Kerstein, Coren & Lichtenstein specializes in Professional and Licensing Law. We are experienced in defending professionals in Massachusetts, and we represent health care professionals, including individual practitioners, corporate providers, and group practices. Our attorneys appear regularly before licensing boards, including the Board of Registration in Medicine, the Board of Registration of Psychologists, and the Board of Registration in Nursing. Our firm has been retained to represent health care professionals in large numbers of cases, ranging from minor patient complaints to the most serious allegations of deliberate professional misconduct.

KCL also specializes in representing license applicants in cases where the Boards have concerns about licensure qualifications or an applicant’s prior work or academic experience. Our attorney Andrew Hyams was General Counsel to the Board of Registration in Medicine for five years, during which time the Board promulgated its Patient Care Assessment Regulations. Attorney Milton Kerstein has represented health professionals in diverse matters, including fraud and abuse investigations, third-party audits, and disciplinary actions.

The state of Massachusetts follows the doctrine of modified comparative negligence in cases of malpractice. According to this, a claimant’s action is barred if their own negligence exceeds the combined negligence of all defendants. Otherwise, the claimant’s recovery is reduced proportionally according to his degree of negligence.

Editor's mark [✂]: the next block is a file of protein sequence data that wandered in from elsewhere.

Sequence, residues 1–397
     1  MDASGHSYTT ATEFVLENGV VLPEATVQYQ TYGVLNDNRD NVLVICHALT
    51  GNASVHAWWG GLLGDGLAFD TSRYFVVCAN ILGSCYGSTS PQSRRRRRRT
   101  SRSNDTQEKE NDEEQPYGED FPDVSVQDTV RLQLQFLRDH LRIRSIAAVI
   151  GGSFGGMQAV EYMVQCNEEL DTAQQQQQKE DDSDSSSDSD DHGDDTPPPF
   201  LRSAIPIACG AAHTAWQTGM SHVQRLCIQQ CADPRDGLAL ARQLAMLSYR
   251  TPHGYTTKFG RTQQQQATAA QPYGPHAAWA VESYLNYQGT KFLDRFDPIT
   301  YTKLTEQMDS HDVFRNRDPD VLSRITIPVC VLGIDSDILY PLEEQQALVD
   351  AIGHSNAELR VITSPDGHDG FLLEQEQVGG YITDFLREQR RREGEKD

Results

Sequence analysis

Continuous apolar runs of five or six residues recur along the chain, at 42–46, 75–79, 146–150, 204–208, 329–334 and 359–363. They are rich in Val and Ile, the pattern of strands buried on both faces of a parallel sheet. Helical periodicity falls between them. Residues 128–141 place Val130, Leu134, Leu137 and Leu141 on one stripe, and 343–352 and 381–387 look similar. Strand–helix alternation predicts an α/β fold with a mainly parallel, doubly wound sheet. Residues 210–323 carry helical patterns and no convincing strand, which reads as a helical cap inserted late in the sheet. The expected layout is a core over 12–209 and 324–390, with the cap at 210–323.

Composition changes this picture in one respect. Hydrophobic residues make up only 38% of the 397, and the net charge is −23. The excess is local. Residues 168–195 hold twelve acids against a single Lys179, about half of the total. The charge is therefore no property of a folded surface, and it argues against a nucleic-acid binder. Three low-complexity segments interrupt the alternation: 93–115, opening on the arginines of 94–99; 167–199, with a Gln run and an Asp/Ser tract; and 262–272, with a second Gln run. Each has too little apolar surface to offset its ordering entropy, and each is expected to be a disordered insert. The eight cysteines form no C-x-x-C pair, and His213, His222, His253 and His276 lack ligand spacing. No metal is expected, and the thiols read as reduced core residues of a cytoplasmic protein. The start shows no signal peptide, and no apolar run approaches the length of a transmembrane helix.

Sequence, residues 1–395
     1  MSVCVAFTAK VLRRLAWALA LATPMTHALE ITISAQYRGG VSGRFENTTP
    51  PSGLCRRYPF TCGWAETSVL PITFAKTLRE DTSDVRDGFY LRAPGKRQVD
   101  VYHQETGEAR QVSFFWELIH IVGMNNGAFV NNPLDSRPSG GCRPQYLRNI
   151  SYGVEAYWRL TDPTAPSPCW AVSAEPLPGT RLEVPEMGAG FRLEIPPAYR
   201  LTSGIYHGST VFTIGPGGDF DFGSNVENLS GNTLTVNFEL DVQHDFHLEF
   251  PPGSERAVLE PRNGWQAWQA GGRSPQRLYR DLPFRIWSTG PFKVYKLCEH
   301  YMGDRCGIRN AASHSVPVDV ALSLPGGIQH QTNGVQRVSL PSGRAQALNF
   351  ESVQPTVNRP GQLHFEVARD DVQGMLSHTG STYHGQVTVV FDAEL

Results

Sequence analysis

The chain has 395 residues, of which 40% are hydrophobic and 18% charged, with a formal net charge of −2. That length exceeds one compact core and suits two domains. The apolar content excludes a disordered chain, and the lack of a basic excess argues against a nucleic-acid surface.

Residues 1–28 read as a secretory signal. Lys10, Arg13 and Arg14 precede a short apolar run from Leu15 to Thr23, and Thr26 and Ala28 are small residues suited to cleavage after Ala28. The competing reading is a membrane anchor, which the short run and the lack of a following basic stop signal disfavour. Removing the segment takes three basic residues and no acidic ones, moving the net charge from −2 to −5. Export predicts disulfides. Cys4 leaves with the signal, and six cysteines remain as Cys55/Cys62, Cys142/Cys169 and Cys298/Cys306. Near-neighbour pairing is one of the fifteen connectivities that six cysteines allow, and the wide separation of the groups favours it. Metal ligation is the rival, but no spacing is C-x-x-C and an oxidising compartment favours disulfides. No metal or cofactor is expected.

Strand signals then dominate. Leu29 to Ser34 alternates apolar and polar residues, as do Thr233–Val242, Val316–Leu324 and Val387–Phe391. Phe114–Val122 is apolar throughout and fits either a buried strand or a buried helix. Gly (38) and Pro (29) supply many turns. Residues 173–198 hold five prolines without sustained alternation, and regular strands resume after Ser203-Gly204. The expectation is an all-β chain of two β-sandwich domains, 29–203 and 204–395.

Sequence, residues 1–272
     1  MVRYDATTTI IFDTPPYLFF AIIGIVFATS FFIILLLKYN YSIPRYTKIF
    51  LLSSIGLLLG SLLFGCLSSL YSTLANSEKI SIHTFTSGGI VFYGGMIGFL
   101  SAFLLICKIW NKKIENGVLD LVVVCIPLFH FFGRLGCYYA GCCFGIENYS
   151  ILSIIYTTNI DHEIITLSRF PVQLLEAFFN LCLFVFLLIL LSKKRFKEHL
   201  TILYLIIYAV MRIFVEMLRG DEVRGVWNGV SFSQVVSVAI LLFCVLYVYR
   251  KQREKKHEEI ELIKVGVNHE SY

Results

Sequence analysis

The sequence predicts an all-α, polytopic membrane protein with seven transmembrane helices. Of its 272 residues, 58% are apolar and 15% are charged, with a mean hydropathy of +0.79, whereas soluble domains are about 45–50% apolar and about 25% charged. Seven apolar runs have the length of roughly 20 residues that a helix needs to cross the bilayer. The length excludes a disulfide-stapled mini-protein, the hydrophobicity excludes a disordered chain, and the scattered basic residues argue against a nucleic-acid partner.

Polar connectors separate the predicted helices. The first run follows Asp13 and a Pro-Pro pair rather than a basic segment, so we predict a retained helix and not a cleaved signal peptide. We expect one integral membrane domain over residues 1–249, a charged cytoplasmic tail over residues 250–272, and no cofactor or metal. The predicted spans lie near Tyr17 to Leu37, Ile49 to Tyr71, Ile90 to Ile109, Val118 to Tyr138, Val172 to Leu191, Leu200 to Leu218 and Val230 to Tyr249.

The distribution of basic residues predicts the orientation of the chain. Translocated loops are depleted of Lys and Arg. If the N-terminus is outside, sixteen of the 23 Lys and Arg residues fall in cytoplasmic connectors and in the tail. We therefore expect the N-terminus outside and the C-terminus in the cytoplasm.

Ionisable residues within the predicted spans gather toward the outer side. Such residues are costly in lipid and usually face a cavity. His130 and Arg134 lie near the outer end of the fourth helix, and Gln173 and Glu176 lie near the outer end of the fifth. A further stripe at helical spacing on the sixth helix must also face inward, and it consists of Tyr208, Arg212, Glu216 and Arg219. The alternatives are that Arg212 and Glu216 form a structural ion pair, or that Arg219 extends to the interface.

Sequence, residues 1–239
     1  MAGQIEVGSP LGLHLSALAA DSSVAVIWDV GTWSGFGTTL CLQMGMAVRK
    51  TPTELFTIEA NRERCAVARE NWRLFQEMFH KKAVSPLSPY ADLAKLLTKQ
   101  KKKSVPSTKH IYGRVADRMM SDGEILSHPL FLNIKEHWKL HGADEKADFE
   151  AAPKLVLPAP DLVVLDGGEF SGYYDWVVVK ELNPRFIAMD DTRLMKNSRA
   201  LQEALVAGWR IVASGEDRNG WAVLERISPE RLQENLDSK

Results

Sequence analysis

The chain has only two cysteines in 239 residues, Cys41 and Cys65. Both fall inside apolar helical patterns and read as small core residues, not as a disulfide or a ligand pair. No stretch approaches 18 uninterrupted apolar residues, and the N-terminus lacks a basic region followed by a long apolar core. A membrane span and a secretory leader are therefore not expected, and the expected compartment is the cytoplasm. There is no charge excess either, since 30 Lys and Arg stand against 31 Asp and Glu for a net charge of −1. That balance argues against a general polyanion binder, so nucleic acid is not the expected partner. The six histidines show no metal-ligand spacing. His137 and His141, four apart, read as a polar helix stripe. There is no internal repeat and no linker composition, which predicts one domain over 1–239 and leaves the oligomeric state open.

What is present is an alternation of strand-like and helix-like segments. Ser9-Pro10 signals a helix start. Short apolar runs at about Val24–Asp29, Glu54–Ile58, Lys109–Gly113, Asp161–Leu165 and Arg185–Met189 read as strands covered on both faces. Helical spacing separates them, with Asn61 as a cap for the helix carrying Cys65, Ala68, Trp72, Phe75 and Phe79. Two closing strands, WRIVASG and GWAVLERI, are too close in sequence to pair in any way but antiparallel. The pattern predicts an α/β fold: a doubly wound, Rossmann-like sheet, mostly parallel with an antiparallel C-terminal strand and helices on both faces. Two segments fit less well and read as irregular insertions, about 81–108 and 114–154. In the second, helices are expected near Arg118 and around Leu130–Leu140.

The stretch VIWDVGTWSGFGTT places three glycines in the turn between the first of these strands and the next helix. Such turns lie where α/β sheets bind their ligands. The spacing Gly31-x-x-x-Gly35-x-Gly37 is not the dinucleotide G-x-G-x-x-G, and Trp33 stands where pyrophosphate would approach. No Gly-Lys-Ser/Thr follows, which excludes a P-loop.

In all medical malpractice cases, juries are instructed that if they find the defendant or defendants liable, they must not award the plaintiff more than $500,000 for items of general damages unless it determines that there is substantial or permanent loss or impairment of a bodily function, substantial disfigurement, or other special circumstances.

Before a case can appear before the court, a tribunal consisting of a judge, a physician, and a lawyer must review every medical malpractice action to determine whether “the evidence presented if properly substantiated is sufficient to raise a legitimate question of liability appropriate for judicial inquiry or whether the plaintiff’s case is merely an unfortunate medical result.” The panel’s findings, along with any expert testimony are admissible at trial.